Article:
BMW’s elegant M850i has aggro glamour, major muscle and tremendous traction, and gives the brand a GT coupe it can finally be proud of
This is the new BMW 8 Series, and it’s quite an eagerly awaited coupe because not only does it revive the 8 Series name, it also aims to banish the doubts that existed of its predecessor.
No, not the old, first-gen 8 Series. This car replaces the 6 Series as the large luxurious 2+2 coupe in BMW’s lineup, and this is the second time this has happened. The ‘sharknose’ E31 8 Series replaced the E24 6 Series in 1990, as faster, more exciting, and more expensive grand touring coupe.
30 years on, the new second-gen 8 Series (dubbed G15) does exactly the same thing again. It’s a replacement for the F12 6 Series Coupe, with the 6 Series name continuing only in the five-seat, five-door luxo hatch, the 6 Series GT.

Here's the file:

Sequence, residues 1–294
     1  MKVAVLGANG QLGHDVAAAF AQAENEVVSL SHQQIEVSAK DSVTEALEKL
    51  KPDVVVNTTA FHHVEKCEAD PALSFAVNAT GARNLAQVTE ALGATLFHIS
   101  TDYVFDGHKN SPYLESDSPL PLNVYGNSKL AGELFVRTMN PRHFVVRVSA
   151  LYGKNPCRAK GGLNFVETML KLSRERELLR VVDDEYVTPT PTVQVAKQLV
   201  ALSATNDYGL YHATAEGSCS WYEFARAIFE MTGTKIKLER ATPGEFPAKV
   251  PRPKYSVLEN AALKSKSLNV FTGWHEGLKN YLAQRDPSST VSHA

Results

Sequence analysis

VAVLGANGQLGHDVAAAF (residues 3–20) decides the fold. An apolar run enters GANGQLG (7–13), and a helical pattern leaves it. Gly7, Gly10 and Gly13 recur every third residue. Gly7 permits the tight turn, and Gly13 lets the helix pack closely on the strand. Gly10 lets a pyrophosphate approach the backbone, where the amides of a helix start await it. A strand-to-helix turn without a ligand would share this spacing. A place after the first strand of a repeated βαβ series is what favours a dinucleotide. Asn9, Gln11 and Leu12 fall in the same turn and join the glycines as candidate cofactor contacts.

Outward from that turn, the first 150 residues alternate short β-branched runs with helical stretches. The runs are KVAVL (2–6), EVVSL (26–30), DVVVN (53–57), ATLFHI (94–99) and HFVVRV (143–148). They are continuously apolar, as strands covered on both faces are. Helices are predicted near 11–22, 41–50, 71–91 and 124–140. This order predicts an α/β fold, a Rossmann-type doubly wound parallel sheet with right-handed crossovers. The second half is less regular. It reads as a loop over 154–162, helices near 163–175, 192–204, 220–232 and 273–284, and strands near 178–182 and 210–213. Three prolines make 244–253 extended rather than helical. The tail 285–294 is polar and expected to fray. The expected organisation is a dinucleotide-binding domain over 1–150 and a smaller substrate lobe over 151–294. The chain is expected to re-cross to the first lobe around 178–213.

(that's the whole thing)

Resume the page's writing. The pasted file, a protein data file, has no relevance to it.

BMW’s official word contradicts this, it merely says the two and four-door coupe 6ers have ‘ceased production’ just as, in total serendipity, the 8er’s own production has begun.
Of course to live up to the 8er name, the new cars has to be speedier, sexier, and more spendy than the 6 Series. That’s certainly true here in Singapore where the sole variant on sale for now is the semi-hot M850i xDrive.
But can a new-fangled, electronic-gremlin filled all-wheel drive demon really be better than the older, rear-wheel drive, and less heavy model it replaces? Jonathan ‘RWD or Bust’ Lim brings that idea up in his saliva-laden review of the BMW M2 Competition on CarBuyer.com.sg.